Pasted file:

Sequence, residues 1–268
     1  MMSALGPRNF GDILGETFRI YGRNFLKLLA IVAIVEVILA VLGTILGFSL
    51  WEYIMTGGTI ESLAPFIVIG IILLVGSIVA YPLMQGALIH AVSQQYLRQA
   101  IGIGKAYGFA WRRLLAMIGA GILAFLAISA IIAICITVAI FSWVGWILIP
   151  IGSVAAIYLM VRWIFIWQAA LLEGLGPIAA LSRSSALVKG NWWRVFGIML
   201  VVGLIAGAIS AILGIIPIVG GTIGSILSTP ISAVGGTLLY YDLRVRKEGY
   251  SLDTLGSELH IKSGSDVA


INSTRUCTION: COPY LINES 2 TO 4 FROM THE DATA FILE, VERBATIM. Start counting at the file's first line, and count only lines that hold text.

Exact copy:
     1  MMSALGPRNF GDILGETFRI YGRNFLKLLA IVAIVEVILA VLGTILGFSL
    51  WEYIMTGGTI ESLAPFIVIG IILLVGSIVA YPLMQGALIH AVSQQYLRQA
   101  IGIGKAYGFA WRRLLAMIGA GILAFLAISA IIAICITVAI FSWVGWILIP